ment to tlte work, aud under her direo
tlwn the conduct of educational a Hairs
has been thorough and satisfactory. So
striking have beeu the benefits of her
administration that, hoping to improve
their pchools, the Republicans of Pierce
and King, counties have presented the
names of ladies ai candidates for the
The mania for quilts of many pieces
is spreading. The latest victim of the
craze is Miss Addle Langell, of Jackson
ville, who has completed a quilt of
4,347 pieces. It Is a pity that a woman of
xBflh great Industry and application
eaunot find better use for her time than
damaging bor eyesight and testing her
patience in such folly as cutting up
cloth aud sewing the scraps together.
A leUer from Clara S. Foltz, the Cali
fornia lady lawyer, Informs us that she
will soon enter the Presidential canvass
lu the Golden Slate as a speaker for the
"Party of the Union." This is another
Instance of the Republican party's
willingness to admit that woman can
instruct voters, though denying her
ability. to Intelligently use the franchise
A few valued subscribers have cor
dially responded to. the urgent call lu
Jast week' lsaueiIi-.renftwiuiMiuee,Tfu ,-a -, ... . ., ,
-but-tbere arBimioy hffn'drrdsiyel lo hear tTh&iwirn;Bjrrest
Wrim. .Racrt&VWrlbd8r'wWnfUhef' delphla. ! btettJpurcl
WoDeyrfSS5?"8 31 - . J oi JJrin foremen-. '
will re.ii,t a ihffiwliy
'.at '"V-ttrrejUwir Whatcom, WasWrg-r-;rrHfcast
xVtHtrr, Heten
,r 1 '"S!$SUBB JlWhael P.odeti
nr. ut neTaSrnJraed'b iMlU. which
(,er H.9orvy that retried in
P.ddeH'8 favorTthe -fitter proceeded to
ferr- tUDR care tB dn ,t WM Mr
Clark . uwmy tfom hnmf Mfs
hntf?.' ' vtlLt ,,r children, s
. kr husband's elalm, perform-
g I "picket duly" so grapbtaady
w-scrtlH-i by Mrs. Dunlway in ber Ire -
, '7 ml . aaaBmpsBied by her
ton earriert a ahot-Rnn, and
waraa l'Mlda to aton bis work. H
refaaed and a qaamd eiwiiod.- Mr.
wci uireeteu the boy to shoot whiet
hedhl, killlug Padden tnstai.tly
Under the law, Mrs. Clark was not
a persou. She could nottuke tosesslou
of land and hold il lu her owu right;
hut, ai her husband's representative lu
his aleuce, fciie was aoting for him,
dntibtless under his orders, aud certainly
under the so culled prolectiou of a Gov
ernment that governs women without
allowing them representation, aud
taxes them without asking or receiving
their consent. But, as Is usual lu such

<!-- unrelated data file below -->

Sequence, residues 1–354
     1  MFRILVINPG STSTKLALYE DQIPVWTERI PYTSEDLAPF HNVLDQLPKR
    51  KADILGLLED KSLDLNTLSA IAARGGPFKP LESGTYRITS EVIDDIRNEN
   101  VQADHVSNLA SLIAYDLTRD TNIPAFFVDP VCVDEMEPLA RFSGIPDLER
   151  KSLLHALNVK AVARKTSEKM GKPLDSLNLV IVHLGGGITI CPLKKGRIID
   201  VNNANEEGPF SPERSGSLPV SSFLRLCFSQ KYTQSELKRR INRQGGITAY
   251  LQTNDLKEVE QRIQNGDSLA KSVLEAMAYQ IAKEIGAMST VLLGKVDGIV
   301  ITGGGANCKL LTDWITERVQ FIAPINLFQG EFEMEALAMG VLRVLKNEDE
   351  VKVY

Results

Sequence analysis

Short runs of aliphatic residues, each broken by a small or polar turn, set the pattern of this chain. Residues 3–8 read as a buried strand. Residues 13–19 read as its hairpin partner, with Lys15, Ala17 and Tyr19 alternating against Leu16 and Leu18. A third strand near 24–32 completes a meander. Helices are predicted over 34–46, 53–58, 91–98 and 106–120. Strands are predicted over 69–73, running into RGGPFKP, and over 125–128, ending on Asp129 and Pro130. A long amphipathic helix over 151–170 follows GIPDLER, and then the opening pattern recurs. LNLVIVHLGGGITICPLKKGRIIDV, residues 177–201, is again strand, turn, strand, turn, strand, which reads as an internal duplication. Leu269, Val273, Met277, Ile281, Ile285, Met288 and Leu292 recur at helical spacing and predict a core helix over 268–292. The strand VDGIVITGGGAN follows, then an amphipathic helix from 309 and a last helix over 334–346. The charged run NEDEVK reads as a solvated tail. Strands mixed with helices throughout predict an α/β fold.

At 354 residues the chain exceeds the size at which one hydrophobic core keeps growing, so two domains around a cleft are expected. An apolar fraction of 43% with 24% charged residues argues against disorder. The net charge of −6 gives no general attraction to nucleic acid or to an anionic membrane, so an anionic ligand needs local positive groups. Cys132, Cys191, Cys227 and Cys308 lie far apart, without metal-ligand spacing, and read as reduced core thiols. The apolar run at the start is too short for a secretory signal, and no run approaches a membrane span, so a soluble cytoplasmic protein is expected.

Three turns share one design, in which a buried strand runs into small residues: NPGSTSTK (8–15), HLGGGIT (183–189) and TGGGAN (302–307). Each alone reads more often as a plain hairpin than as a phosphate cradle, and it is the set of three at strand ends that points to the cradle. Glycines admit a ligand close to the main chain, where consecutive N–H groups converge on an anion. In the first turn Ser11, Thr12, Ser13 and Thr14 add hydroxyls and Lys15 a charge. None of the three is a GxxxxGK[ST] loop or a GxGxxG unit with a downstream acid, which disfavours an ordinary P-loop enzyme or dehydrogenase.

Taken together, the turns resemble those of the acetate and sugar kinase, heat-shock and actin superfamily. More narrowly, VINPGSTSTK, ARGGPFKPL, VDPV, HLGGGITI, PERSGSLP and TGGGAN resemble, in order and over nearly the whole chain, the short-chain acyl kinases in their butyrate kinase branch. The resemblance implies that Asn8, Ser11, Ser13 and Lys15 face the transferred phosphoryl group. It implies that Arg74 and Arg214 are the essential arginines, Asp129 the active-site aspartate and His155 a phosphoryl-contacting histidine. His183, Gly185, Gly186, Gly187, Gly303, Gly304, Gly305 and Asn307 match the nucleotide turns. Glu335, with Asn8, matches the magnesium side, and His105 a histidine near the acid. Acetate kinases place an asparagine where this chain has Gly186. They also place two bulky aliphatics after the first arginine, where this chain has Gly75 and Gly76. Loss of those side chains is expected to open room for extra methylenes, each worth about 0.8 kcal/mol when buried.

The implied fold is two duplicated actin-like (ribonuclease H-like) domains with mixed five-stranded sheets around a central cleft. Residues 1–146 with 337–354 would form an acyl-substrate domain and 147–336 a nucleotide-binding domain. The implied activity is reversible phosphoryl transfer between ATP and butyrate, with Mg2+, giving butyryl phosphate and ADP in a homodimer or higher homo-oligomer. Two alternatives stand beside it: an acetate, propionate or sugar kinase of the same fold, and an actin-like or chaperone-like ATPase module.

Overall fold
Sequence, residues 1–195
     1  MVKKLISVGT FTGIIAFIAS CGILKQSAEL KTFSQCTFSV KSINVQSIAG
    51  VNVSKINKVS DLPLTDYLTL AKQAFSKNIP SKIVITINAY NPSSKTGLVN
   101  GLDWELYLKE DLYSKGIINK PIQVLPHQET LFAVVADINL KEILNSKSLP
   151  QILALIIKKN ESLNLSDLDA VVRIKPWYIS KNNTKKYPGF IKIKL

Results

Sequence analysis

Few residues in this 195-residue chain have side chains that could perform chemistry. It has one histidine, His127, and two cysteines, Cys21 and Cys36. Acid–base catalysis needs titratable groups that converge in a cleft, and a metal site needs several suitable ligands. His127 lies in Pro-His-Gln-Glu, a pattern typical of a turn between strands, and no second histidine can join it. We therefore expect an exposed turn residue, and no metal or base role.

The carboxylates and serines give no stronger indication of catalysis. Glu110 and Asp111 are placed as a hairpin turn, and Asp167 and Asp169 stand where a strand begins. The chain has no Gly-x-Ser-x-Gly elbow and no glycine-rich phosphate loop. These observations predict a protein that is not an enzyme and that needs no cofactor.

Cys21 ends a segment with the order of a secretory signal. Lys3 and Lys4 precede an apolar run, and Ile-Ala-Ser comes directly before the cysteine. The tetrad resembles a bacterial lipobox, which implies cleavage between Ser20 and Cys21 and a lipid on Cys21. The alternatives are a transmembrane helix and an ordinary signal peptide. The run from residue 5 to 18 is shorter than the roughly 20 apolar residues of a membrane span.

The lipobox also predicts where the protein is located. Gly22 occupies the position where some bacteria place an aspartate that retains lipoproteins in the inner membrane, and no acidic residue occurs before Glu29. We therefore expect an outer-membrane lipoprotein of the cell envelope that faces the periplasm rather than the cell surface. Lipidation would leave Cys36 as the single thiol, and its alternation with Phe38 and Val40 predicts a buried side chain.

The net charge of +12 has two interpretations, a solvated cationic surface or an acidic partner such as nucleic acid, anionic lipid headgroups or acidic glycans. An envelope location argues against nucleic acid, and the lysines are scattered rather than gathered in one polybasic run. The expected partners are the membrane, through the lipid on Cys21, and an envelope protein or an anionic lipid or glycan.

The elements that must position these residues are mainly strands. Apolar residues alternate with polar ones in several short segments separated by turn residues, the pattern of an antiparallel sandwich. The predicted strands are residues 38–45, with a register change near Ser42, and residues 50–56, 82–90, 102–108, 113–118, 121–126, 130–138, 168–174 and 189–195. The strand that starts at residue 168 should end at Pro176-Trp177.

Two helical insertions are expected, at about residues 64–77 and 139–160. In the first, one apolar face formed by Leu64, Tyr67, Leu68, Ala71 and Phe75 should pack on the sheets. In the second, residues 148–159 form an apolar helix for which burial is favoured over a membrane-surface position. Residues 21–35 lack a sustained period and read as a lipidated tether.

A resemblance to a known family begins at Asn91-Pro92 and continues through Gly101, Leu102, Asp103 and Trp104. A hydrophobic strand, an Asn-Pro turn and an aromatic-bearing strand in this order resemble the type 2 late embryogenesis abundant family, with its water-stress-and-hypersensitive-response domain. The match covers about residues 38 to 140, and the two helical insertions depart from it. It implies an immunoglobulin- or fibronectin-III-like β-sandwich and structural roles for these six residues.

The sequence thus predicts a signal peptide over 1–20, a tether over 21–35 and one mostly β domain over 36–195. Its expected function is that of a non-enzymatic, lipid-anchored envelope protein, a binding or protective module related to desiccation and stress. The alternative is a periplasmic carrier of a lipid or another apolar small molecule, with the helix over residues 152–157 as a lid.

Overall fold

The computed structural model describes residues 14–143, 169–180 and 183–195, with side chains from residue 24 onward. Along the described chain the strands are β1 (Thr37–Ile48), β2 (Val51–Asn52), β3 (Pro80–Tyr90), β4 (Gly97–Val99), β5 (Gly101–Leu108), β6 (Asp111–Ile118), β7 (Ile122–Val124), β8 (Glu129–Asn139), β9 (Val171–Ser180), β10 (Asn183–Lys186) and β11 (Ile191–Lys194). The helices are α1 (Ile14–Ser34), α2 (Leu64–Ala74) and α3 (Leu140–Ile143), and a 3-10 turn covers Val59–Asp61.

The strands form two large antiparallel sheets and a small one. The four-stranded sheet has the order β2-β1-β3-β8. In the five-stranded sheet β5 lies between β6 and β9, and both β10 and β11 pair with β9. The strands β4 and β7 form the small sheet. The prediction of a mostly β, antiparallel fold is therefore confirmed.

eases, wheu a crime was committed, the
legal protector and head, who-te claim
tins pioueer pieket guard was defeuding,
was no louger her representative, and
unce uecame responsible as a
orimiual uuder the laws that denied her
responsibility as au individual. Mother
aud sou were tried by meu, convicted of
manslaughter by men, and by meu sen
tenced to tlte penitentiary. No raati,
not even her husband, who hud placed
her ou that homestead claim and left
her there, with her large family of little
children, alone in the wilderness, had
tile gallantry to prolt-ct her before the
law by saying to the outraged Court, "I
represeut this woman ; punish me."
The boy, being of the protecting sex,
was granted a new trial; but the wife
ami mother was conveyed to the peul
tentiury, where, after repeated abortive
attempts, she at last succeeded in evad
ing the mnn-inade aud maii-admiuls
tered laws of a country that acknowl
edges woman's equality in nothing but
the punishment of crime, and ended her
sad career by suicide.
When the mother waj takeu lo the
prison, her youngest child, two years of
age, ami five other little ones weie left
ou the claim with their father, and the
very first news of them that the dis
traded woman received was that her
baby girl, while toddling around the
yard, was attacked by a vicious cow
and tns-ed eight or nine foet Into the
air. The animal's horn tore open the
child's groin for a length of six inches,
causing a wound of a mt painful aud
lane-roU3 character.
Let any woman who reads this record
pioture. If t-lte can, the Imprisoned
mother's agouy over this terrible an
uoui cement. uou.ler he com
mitted suicide. The Courts of Heaven
are more merciful than the Courts of
men, for they will uot hold woman re
fHntibIe fur the ci lines of those who
place her ou picket duty ou the out
skirts of civilization, and when the time
of trial comes refuse U act as her repre-;
seutatives. Ouly God and women kuow
that woman's trial ami vexation, be
cause ouly they can comprehend the
nervous distraetlou of her vital forces
under the pressure of Padden's Impu